Friday, January 27, 2017

The Lady and the Lionheart by Joanne Bischof

The Lady and the LionheartElla Beckley, finally given a chance to be a nurse, is the only one who cares what happens to a sick infant girl, save for her striking father. Charlie Lionheart, a lion tamer for the circus, will do everything he can to protect baby Holland, and if that means bringing the nosy nurse back to the circus with him, then so be it. As she gets to know Charlie and other performers, Ella sees both the light and the dark of the circus, the beauty and the scars; and she is given a chance to heal from her own deep wounds.

Both the bright magic of the circus and the darker, grittier aspects are brought to life in this story, while maintaining the setting of the East Coast and Appalachians.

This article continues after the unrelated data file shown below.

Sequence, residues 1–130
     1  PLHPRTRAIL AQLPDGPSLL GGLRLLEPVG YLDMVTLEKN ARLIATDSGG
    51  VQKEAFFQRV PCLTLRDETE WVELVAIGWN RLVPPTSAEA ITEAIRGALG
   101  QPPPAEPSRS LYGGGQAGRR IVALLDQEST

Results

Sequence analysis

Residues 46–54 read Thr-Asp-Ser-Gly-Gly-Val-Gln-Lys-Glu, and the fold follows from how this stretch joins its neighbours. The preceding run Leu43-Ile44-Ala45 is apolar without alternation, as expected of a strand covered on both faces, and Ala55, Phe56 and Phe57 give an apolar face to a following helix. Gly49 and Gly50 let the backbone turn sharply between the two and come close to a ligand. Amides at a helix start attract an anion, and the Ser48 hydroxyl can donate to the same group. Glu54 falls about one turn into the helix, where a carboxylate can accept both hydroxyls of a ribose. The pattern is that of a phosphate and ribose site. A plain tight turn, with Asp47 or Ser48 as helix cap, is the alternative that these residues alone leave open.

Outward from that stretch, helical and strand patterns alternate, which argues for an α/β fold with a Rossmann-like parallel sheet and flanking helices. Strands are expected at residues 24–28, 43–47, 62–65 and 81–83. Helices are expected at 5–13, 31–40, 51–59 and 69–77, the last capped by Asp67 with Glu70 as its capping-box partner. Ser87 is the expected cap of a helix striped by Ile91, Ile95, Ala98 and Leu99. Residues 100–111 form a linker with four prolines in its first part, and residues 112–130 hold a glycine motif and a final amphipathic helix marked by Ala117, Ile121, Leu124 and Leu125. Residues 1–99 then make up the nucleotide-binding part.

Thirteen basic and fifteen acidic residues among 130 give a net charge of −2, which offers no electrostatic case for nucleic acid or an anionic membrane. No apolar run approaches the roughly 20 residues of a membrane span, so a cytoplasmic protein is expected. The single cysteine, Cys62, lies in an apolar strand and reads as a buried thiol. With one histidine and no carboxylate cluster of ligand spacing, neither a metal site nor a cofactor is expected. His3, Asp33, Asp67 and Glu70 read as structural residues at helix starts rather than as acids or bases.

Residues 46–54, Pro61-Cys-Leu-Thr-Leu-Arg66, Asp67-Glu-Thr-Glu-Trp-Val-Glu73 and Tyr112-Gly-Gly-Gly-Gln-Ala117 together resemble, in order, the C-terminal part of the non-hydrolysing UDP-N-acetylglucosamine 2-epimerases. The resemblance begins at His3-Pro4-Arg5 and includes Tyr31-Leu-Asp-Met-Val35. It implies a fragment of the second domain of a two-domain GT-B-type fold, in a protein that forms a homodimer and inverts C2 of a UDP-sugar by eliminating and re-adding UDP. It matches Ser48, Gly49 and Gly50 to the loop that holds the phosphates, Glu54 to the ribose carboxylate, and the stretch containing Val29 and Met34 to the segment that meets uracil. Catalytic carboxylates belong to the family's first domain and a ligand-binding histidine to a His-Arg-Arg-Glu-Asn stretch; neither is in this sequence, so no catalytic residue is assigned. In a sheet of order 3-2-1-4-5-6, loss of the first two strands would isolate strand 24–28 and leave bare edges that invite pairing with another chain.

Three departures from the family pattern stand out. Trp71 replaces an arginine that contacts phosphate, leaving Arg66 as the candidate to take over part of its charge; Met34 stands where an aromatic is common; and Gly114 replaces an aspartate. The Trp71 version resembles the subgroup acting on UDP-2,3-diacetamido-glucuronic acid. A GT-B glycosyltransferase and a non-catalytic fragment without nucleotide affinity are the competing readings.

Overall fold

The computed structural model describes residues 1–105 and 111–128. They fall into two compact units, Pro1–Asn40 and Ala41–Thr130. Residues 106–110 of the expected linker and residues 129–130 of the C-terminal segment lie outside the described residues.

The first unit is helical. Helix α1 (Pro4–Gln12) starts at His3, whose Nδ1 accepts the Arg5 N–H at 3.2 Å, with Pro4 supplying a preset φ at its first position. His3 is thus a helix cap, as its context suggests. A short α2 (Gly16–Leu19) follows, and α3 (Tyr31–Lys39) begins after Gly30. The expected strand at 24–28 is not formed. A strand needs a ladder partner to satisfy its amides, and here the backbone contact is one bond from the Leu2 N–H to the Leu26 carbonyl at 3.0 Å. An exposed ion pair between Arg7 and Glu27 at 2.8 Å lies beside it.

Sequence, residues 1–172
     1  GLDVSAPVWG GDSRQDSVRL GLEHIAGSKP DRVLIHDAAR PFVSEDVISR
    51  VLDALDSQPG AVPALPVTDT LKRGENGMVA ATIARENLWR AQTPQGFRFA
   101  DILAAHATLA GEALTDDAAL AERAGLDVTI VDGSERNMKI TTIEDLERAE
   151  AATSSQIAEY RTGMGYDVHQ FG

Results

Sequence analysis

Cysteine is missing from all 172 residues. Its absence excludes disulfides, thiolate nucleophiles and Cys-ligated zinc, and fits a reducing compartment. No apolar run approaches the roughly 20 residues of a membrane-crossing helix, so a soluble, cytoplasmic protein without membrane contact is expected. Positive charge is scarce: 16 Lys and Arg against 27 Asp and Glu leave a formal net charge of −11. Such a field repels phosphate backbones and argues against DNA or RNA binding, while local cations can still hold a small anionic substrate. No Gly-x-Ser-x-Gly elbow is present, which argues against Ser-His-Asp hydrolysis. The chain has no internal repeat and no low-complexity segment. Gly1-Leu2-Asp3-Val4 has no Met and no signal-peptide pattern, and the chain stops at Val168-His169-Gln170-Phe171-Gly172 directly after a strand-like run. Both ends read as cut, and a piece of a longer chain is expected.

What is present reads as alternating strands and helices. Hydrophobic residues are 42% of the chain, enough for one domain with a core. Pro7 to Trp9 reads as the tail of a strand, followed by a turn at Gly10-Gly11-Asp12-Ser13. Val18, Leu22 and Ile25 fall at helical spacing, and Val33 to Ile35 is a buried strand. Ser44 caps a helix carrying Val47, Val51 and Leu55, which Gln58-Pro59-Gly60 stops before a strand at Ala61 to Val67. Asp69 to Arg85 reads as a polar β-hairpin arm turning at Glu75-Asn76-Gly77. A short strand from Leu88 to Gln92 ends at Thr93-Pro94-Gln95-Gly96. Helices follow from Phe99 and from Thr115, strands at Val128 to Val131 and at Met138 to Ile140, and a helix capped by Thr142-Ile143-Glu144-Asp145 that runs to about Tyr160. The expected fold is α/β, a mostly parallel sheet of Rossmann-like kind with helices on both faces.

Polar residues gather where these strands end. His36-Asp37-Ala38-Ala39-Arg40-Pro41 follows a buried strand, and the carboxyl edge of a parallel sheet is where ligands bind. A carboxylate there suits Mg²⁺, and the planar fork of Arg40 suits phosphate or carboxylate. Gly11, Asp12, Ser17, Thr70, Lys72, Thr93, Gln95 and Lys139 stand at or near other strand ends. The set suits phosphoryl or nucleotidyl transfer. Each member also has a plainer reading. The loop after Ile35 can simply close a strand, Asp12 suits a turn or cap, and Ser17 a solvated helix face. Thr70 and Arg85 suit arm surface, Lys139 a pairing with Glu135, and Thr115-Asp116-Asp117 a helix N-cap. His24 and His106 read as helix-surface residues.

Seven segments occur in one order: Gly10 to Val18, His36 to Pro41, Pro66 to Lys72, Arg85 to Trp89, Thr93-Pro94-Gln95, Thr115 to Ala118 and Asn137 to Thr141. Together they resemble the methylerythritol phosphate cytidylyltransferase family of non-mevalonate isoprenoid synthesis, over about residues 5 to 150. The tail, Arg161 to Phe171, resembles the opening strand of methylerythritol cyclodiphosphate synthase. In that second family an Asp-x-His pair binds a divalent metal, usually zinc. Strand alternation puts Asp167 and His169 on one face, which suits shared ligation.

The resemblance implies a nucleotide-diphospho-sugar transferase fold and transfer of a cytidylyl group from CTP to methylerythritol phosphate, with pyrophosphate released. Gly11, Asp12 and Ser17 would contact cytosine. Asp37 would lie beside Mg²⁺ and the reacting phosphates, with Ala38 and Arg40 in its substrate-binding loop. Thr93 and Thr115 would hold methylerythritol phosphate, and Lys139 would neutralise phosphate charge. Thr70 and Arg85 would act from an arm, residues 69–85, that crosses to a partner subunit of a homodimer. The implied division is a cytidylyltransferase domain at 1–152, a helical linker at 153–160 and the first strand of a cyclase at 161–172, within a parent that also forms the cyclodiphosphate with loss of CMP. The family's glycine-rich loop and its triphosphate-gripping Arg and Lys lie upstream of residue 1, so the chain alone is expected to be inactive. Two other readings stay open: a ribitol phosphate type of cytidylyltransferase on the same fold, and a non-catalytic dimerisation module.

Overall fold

I was expecting Charlie Lionheart to be a showman and larger than life--which, to a degree, he is--but the way he's introduced is so down to earth and real, that that was how I saw him throughout the story: a man in love with his child, doing everything he knows to do to provide for and protect her. Only as the story progresses do we find out what lengths he has gone to, what intensely personal sacrifices he has made to protect the baby. He's the best kind of hero.

A moving story of healing, it focuses on both physical and spiritual aspects. I wouldn't call it an allegory, but there is definitely a fair amount of symbolism--in many ways, Charlie is a reflection of Jesus, and it isn't much of a stretch to see ourselves in Ellie's place. Over all, it's a beautiful story.

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